Ever heard of Lonchostoma monogynum? Not many people have, let alone seen one. The news that it was flowering near the home of the giant carnivore Roridula gorgonias near Galpinkop was enough to bring doctoral student Lavinia Schardt all the way from Germany within a week of its sighting by Belle Barker and her botanical group.

L.monogynum is a rarely seen member of the Bruniaceae family and has a white terminal flowerhead.

Lavinia studied the Bruniaceae family for three months at the Vogelgat Private Nature Reserve last year under the guidance of warden Giorgio Lombardi. The purpose of her headlong return was to observe the flowering behaviour of Lonchostoma, the duration of the anthesis and last but not least to find possible pollinators. Regardless of heavy wind and rain, some insects were observed visiting the flowers, among them the long-tongued fly, as well as Dance and Hover flies.

After comparing the data she got from her last stay and this one, Lavinia will hopefully be able to show the great variety of flowering behaviour and specialisations within the Bruniaceae and finish her Ph.D at the end of 2009. As all data will be made public as soon as possible we might be able to read about Hermanus Bruniaceae in a scientific journal in the near future.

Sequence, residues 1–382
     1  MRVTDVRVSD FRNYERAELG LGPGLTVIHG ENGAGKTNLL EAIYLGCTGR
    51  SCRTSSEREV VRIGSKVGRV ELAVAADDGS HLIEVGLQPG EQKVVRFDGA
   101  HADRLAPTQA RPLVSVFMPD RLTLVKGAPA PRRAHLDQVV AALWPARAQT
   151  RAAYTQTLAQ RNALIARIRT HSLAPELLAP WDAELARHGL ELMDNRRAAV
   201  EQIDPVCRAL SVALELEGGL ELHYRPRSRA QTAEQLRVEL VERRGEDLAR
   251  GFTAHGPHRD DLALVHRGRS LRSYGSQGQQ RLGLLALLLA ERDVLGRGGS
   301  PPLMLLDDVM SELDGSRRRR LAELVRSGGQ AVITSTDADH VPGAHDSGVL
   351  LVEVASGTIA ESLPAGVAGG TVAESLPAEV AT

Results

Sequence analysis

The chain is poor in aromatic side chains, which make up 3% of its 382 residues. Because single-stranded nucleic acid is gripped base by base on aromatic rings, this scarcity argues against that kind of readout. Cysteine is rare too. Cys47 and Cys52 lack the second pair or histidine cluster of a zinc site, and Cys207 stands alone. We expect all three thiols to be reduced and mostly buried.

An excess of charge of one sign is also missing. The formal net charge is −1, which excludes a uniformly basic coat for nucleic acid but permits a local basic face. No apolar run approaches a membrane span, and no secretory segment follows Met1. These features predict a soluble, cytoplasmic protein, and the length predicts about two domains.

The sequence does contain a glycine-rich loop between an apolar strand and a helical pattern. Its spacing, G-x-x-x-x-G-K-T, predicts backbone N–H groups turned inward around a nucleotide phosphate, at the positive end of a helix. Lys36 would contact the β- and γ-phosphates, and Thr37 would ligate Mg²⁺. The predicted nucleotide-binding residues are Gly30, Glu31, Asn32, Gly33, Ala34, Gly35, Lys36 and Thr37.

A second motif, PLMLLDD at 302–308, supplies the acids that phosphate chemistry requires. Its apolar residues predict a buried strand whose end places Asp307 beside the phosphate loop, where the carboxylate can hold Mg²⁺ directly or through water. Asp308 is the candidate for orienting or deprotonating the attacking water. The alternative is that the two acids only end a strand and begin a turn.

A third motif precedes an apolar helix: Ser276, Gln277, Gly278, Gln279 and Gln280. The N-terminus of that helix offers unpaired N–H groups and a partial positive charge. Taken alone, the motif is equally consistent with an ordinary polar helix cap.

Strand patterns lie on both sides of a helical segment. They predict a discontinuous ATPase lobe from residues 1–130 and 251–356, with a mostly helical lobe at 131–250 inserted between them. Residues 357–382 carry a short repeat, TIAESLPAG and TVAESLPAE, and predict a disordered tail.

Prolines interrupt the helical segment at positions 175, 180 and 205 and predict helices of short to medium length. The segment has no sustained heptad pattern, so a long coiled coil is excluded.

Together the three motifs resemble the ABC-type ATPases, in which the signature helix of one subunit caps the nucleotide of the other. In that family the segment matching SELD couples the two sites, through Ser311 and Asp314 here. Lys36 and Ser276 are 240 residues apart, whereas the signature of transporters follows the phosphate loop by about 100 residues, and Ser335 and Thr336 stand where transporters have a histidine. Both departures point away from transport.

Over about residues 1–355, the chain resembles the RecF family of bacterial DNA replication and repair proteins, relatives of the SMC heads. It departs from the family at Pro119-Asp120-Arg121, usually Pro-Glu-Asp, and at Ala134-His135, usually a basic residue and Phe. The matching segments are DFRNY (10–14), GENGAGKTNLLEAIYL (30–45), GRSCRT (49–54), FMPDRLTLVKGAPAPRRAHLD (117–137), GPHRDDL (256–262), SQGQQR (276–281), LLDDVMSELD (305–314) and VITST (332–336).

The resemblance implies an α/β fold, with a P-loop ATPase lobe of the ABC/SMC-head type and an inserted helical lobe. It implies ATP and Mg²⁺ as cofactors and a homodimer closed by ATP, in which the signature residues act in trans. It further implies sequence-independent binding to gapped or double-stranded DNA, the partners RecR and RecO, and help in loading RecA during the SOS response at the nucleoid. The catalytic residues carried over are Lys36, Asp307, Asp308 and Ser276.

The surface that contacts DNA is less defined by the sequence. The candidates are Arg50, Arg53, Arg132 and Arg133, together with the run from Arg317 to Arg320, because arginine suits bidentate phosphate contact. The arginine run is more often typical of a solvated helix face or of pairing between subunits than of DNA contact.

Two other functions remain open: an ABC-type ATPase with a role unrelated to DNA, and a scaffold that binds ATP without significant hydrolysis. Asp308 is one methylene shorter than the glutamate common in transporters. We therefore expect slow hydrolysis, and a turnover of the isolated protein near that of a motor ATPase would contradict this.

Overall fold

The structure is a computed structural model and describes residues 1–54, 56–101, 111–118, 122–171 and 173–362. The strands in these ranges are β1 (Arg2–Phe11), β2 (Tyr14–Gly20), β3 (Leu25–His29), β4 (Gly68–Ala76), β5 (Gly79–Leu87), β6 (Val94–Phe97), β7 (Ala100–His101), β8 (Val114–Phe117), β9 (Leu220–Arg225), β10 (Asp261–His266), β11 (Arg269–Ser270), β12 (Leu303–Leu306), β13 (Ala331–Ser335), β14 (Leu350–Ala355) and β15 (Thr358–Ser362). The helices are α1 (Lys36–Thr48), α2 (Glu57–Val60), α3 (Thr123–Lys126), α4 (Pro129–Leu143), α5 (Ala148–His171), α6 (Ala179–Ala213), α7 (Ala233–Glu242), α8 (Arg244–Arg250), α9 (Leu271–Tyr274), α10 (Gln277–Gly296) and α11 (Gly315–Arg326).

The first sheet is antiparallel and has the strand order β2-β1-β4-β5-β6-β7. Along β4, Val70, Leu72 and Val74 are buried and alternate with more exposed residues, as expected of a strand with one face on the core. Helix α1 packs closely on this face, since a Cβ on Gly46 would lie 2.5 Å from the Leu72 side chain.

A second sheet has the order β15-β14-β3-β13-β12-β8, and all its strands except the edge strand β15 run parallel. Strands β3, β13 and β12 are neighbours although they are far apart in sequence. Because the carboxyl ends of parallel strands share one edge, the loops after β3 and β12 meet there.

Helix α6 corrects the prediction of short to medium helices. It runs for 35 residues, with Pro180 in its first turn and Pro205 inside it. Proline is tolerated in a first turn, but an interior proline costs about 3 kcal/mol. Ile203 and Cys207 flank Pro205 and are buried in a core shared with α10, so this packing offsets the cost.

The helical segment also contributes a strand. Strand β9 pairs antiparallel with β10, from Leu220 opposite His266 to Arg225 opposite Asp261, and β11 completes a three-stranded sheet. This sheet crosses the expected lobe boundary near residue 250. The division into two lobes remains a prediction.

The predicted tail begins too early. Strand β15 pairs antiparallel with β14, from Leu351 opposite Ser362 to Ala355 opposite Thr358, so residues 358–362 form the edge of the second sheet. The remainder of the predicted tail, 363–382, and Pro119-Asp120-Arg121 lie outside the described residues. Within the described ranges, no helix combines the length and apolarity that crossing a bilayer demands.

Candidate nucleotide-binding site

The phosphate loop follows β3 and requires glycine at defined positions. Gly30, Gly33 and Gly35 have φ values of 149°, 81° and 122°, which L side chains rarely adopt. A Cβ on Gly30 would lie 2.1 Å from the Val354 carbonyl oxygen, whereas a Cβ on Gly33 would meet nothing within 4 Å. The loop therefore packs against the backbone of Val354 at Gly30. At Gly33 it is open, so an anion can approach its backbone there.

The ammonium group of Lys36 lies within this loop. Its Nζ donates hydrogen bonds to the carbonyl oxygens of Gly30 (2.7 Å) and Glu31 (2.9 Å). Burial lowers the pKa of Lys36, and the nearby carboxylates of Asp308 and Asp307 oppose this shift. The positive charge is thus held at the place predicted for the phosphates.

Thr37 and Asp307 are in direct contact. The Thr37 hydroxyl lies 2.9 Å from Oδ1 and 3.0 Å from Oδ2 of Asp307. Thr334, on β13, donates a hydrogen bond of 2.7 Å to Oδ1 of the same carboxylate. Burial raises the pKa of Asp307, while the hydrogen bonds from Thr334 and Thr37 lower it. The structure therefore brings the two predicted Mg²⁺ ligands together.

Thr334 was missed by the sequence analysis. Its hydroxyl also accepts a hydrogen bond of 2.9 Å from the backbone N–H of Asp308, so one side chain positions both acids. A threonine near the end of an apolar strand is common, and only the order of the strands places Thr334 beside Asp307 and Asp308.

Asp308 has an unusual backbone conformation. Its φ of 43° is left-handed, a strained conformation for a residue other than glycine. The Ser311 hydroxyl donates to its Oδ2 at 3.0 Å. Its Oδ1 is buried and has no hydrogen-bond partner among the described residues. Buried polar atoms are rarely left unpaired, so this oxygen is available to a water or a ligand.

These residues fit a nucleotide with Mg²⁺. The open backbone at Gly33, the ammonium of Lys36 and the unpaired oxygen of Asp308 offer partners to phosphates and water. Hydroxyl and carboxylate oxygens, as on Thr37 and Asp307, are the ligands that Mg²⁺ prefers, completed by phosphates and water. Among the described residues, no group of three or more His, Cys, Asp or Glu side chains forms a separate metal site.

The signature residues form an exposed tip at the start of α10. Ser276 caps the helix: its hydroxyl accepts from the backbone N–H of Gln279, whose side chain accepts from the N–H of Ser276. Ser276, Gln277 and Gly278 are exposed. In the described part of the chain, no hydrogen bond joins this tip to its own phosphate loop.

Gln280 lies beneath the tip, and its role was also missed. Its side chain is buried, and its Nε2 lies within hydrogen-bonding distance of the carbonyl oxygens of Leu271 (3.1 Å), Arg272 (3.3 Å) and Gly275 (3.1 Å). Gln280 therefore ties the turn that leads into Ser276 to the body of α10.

Ed.note: Anthesis is the period during which a flower is fully open and functional (Greek anthsis, flowering, from anthein, to bloom, from anthos, flower)

Stop Press: At a recent meeting of the Kogelberg branch of the Botanical Society of South Africa, Ericaceae expert Ted Oliver confirmed that a hard botanical look is being taken by South African and European botanists at the Bruniaceae family. In fact, he says, Brunia stokoei and Brunia albiflora have already been turned into Berzelias and Nebelia paleacea has become a Brunia. Only the experts know why...

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Lonchostoma monogynum Lavinia Schardt

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  • The annual Wine Auction organized by Paul du Toit of the Wine Village takes place on Friday August 8. Admission is by ticket only. A large portion of the proceeds will go towards the Wildflower Festival project , a second coordinator for the ecoschools programme. Thank you Paul again.
  • Coming up on the recovering burnt hillsides are resprouting Proteaceae, pelargoniums, flowering phylicas and scented buchu. Miniature oxalis in shades of white, pink and yellow share the sandy slopes with the Cape snowdrop, Crassula capensis. A few pale, delicate and heavily scented Gladiolus maculatus braved the rocky crevices .